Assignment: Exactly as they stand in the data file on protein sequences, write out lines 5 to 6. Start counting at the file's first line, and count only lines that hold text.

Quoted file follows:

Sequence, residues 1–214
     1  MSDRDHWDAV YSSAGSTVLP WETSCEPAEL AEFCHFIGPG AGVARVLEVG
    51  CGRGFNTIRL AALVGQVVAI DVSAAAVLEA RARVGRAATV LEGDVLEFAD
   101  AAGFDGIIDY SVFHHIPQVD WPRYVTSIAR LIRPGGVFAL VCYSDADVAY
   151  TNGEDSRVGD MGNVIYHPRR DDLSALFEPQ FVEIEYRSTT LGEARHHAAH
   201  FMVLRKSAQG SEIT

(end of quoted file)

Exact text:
   151  TNGEDSRVGD MGNVIYHPRR DDLSALFEPQ FVEIEYRSTT LGEARHHAAH
   201  FMVLRKSAQG SEIT